Tech support has been around for several decades longer than social media. It really hasn’t gotten any better in those decades and some could make a strong argument that it’s gotten worse. On the other hand, social media came on like gangbusters in the past 10 years (arguably longer but I don’t really want to digress). I would venture to say that it wasn’t great at first but has become so over time. At first we had a lot of young people using social media to stay in touch with friends…later mom and dad got involved to watch what Junior was doing online…next thing you know, grandma is showing off what she can eat without her dentures. Possibly a low-point for social media to be sure.
So what happens when you combine social media with tech support? Great things really, should the tech company have a mind to put some resources on it. Think about it, people come to Twitter, Google+ and Facebook all the time to talk about a product or a service. Sometimes good, sometimes bad but always with a #CompanyNameHere tag. What happens when a company starts to follow those tags? They can start to see patterns in problems with their products, find solutions and be ready to offer those solutions to customer’s sooner, even within the very social media stream that’s blasting them.
It doesn’t always have to be a negative tag either. Companies that care can take to the social media streams to help their brand without waiting for someone to complain. Take this recent example I witnessed on Google+ (and was the inspiration for this article). A user of Google+, Cliff Wade, with a fair amount of followers decides to help a friend, Fred Scholl, out and post a question on his behalf merely mentioning T-Mobile’s name in the post. Within ten minutes someone from the social media department at T-Mobile responded to that post with an answer and a follow up question. A dialog ensued and a customer was given FANTASTIC support; before they were even a customer. What’s even more fascinating is every follow-up post was from a different representative of T-Mobile, yet nothing was lost in translation. Because the discussion was all centered around one social media thread, they could read the entire thread, come up to speed and respond properly to the conversation.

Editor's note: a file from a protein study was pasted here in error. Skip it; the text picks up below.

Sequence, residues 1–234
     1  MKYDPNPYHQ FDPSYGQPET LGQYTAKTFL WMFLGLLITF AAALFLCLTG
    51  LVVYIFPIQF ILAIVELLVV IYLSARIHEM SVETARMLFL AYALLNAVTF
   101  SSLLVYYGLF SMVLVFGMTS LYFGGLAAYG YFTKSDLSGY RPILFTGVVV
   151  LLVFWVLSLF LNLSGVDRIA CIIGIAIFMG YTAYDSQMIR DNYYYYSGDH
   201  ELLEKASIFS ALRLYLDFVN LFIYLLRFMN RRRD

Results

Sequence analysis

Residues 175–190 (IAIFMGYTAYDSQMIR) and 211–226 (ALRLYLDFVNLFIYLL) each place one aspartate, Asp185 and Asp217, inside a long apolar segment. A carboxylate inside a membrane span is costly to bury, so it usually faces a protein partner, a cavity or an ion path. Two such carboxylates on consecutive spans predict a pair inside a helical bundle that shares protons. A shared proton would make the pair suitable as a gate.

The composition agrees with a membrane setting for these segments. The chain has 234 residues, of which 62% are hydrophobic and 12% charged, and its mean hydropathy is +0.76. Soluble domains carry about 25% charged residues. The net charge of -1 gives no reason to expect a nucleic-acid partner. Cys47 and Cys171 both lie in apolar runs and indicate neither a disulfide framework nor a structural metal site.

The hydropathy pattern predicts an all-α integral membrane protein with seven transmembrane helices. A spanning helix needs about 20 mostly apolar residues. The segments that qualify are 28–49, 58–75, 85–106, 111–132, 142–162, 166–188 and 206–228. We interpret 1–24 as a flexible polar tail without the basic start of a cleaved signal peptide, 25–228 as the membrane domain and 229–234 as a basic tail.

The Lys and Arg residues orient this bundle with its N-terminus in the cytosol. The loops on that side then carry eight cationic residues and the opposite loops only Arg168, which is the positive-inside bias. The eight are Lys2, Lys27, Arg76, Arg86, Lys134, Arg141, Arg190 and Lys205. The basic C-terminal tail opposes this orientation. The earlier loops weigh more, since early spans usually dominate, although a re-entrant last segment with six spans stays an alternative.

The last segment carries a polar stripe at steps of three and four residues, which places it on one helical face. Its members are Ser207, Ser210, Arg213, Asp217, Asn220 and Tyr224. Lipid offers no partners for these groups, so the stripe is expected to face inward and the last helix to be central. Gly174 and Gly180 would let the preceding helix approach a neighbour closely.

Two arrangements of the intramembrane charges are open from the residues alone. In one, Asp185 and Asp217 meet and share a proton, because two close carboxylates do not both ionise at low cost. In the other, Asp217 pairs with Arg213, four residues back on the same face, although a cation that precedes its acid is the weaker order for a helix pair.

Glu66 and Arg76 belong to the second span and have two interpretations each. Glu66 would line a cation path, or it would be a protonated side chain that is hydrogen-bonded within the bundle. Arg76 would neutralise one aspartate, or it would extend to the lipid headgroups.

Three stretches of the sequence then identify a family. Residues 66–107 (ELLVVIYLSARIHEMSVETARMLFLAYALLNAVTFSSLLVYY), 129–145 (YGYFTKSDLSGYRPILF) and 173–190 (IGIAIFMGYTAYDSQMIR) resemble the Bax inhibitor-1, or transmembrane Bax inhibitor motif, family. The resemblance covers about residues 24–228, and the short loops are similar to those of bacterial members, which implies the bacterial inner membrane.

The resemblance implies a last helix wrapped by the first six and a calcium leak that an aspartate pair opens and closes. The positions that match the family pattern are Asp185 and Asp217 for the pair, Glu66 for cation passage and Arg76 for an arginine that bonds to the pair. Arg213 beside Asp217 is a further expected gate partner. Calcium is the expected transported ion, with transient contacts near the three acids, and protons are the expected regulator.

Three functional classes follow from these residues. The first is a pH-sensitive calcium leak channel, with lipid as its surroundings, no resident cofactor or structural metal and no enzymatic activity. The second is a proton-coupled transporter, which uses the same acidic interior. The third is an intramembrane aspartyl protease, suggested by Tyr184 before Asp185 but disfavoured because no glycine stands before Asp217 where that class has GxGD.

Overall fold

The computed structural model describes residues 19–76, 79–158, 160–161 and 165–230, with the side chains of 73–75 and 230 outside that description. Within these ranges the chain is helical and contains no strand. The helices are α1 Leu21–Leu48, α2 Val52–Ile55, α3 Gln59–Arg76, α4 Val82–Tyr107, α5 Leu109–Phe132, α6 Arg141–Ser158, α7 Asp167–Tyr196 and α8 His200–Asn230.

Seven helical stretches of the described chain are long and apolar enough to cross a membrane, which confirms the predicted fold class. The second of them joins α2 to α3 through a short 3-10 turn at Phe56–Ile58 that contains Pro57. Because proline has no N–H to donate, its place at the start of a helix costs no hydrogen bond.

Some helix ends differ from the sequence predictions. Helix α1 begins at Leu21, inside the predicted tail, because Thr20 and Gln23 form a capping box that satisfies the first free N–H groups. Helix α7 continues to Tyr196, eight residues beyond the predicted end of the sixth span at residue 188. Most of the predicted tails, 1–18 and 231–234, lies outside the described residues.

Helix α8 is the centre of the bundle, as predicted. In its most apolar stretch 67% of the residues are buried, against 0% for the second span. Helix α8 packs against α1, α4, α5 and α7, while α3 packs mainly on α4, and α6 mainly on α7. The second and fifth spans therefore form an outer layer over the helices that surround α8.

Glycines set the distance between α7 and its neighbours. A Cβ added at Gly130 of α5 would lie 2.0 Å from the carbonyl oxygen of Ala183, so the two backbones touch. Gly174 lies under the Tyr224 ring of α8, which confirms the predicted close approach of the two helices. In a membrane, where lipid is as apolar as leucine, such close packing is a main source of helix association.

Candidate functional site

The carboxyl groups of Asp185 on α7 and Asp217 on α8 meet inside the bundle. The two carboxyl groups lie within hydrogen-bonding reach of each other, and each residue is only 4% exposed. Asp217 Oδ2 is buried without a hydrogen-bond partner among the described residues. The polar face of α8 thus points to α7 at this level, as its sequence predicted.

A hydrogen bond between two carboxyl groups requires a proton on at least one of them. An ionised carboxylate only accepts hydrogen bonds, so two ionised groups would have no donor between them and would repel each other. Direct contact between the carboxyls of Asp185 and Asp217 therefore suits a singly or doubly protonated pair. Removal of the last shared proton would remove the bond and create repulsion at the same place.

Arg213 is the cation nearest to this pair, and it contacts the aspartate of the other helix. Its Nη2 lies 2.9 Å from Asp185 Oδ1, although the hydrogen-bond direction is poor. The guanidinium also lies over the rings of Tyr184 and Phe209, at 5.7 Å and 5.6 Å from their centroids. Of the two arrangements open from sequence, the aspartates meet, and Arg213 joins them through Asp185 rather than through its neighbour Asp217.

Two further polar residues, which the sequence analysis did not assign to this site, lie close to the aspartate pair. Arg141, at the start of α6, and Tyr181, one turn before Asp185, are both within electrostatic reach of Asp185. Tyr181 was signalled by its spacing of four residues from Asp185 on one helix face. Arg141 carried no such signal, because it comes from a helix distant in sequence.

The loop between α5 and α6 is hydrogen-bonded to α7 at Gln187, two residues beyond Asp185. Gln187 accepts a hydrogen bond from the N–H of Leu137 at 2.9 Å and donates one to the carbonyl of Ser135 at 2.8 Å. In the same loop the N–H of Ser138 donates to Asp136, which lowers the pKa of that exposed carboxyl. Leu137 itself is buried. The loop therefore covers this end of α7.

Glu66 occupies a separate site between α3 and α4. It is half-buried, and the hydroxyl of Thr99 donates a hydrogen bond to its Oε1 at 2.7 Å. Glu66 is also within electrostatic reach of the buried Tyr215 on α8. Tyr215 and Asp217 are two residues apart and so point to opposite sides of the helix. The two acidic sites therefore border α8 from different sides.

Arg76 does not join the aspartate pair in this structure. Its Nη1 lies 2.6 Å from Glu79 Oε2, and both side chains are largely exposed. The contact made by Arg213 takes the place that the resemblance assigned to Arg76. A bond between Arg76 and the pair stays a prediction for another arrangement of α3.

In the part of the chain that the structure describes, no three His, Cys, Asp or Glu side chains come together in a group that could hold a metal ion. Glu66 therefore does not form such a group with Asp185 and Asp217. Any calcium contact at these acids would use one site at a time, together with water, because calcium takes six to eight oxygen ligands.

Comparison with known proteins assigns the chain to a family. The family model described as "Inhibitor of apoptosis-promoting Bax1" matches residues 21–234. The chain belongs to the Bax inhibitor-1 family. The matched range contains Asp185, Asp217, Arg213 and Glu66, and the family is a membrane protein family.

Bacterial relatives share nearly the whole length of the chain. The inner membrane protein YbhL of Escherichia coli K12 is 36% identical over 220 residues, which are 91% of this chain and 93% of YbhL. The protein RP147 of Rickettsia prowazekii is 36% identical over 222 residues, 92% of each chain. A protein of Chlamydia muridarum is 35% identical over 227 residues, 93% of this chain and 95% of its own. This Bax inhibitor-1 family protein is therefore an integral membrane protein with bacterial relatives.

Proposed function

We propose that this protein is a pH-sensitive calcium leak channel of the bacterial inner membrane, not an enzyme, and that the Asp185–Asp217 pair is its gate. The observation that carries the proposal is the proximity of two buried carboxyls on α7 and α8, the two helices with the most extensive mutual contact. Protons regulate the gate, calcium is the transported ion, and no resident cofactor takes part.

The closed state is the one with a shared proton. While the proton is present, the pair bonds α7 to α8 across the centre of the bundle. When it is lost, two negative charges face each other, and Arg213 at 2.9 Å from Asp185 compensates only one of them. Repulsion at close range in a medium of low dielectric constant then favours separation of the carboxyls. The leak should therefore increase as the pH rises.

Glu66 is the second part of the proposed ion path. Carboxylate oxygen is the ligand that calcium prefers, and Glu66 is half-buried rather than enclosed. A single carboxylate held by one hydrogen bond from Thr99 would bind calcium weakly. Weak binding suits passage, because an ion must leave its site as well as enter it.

If more and more companies would employ people for this exact reason, I feel that when we as customers need tech support, we could get it in a much better and faster way. Social media is a very large part of most people’s lives now, and this is proof at how well it can work when combined with tech support. As mentioned, we as the customer, the person in need, wouldn’t need to repeat ourselves 8 different times to each and every person and all sorts of time would be saved by not having to do this for both us and the company in which we are dealing with.
The future of tech support lies within social media’s grasp, and the future is now.
Thanks to John Borgen for mentioning that this would make a good article to be posted on our site and then for putting it all together. I truly believe he has an excellent point and certainly wish more companies would take note of how well T-Mobile uses the power of social media for the purpose of tech support.